Pocket Your Cell Phone Before Crossing the StreetSeptember 5, 2018
We all know that distracted driving is unsafe, irresponsible, and potentially fatal. Texting, talking, or checking social media while driving are just a few examples of distracted driving behavior that can cause serious car accidents. Distracted walking, however, is an issue that does not get nearly the amount of attention and publicity as distracted driving. However, it can be just as dangerous, particularly for pedestrians, if they are not paying attention to oncoming traffic while crossing the street. In order to mitigate the chance of this happening, pocket your phone before crossing the street.
A recent study found that when pedestrians use their phone while crossing the street, they tend to walk at a slower pace. In addition to taking their attention away from their surroundings, and when approaching cars, trucks, and other vehicles, distracted pedestrians often take smaller steps and walk more erratically when they are talking on the phone. This means they are less likely to react quickly to a motorist who may be speeding, distracted, drowsy, or under the influence of drugs or alcohol.
Dangers of Distracted Walking Behavior
The researchers analyzed the movements of 357 pedestrians using an automated video analysis system. They focused on one particular location that had a busy four-way intersection, observing pedestrians’ behavior over the course of a two-day period in April 2016. Of the 357 pedestrians observed, close to 38 percent talked on their cellphones while crossing the street. In addition, the majority of pedestrians were either texting or reading text messages. Pocket your cell phone before crossing the street.
There are a number of issues related to distracted walking, particularly when crossing a busy street. For example, the longer a pedestrian is in a crosswalk, the more likely he or she is to be hit by an oncoming vehicle. Even if the pedestrian is hit by a cyclist, it can cause serious injuries to both parties. In addition, texting requires cognitive effort, which means that visual sensory inputs from the pedestrian’s surroundings may be limited. Texting while walking can impair an individual’s balance, which can lead to falls. If this happens in the middle of a crosswalk at a busy intersection, it can have devastating consequences if the pedestrian cannot get up in time to avoid an oncoming vehicle like a car or truck.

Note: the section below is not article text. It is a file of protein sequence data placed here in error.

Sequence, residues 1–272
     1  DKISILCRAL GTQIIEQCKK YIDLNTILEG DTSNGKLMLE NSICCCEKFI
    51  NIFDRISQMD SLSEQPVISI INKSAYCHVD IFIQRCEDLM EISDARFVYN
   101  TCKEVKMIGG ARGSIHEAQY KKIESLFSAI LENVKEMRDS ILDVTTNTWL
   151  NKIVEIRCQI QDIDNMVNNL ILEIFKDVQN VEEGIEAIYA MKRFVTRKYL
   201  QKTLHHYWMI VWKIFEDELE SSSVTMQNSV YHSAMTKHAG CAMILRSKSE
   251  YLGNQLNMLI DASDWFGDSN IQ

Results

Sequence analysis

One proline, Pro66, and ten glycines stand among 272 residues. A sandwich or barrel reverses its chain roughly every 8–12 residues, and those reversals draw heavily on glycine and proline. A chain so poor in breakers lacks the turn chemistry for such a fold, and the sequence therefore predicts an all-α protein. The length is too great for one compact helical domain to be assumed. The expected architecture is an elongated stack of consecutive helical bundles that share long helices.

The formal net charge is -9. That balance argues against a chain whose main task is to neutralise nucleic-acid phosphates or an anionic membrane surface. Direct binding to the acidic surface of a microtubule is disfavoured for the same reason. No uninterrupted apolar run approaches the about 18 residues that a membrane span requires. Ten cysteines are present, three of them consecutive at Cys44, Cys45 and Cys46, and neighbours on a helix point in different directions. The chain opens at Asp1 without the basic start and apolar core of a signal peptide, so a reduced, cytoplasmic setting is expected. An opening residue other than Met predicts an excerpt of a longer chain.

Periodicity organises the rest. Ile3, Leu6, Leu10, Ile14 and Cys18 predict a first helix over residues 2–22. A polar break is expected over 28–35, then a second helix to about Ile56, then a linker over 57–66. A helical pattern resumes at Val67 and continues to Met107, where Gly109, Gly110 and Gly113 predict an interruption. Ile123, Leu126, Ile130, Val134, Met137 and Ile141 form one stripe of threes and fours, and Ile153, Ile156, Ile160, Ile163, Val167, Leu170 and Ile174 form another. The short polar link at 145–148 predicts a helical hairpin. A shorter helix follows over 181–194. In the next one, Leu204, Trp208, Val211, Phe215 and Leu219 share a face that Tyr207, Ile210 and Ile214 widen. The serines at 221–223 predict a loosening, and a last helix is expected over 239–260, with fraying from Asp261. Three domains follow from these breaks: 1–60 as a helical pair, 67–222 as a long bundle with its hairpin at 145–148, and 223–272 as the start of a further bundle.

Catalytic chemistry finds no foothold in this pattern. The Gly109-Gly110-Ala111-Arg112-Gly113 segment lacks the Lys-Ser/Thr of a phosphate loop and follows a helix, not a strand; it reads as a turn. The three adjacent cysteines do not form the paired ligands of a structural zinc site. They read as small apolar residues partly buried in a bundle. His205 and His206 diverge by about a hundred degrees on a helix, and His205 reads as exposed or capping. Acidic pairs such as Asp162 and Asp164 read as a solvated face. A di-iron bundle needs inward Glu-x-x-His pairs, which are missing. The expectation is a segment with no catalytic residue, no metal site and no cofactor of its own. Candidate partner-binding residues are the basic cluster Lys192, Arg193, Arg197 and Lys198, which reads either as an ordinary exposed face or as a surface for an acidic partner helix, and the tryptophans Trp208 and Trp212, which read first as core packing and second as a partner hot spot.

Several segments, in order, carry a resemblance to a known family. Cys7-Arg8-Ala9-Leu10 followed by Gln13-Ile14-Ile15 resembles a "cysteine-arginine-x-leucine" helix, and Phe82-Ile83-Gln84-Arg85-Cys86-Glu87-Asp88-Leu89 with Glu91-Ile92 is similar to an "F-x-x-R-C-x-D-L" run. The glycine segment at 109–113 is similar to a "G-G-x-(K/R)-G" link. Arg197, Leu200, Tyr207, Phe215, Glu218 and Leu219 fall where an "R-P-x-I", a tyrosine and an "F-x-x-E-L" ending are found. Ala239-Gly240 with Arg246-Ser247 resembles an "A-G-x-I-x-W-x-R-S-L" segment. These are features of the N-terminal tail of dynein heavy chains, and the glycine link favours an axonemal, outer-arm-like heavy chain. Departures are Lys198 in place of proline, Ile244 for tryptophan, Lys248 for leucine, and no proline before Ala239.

Making a phone call or sending a text while crossing the street is never worth the risk of being seriously injured while taking your phone out of your pocket and continuing to be distracted. It may not seem like a dangerous thing to do, but it is never worth risking your life for one phone call or a single text. It is best to put the phone away until you have safely crossed the street.
Keep Your Phone in Your Pocket and Stay Safe. Baltimore Car Accident Lawyers at LeViness, Tolzman & Hamilton Represent Victims of All Types of Traffic Accidents
If you were injured in a car accident while crossing the street, do not hesitate to contact the Baltimore car accident lawyers at LeViness, Tolzman & Hamilton. Any type of distracted behavior can increase your chances of being injured in a traffic accident, whether you are the motorist or a pedestrian. We will determine who is responsible for causing the accident and secure the maximum financial compensation you deserve. To schedule a free consultation, call us today at 800-547-4LAW (4529) or contact us online.
Our offices are located in Baltimore, Columbia, Glen Burnie, and Towson, allowing us to represent car accident victims in Maryland, including those in Anne Arundel County, Baltimore County, Carroll County, Harford County, Howard County, Montgomery County, Maryland’s Western Counties, Prince George’s County, Queen Anne’s County, Southern Maryland, and the Eastern Shore, as well as the communities of Catonsville, Essex, Halethorpe, Middle River, Rosedale, Gwynn Oak, Brooklandville, Dundalk, Pikesville, Nottingham, Windsor Mill, Lutherville, Timonium, Sparrows Point, Ridgewood, and Elkridge.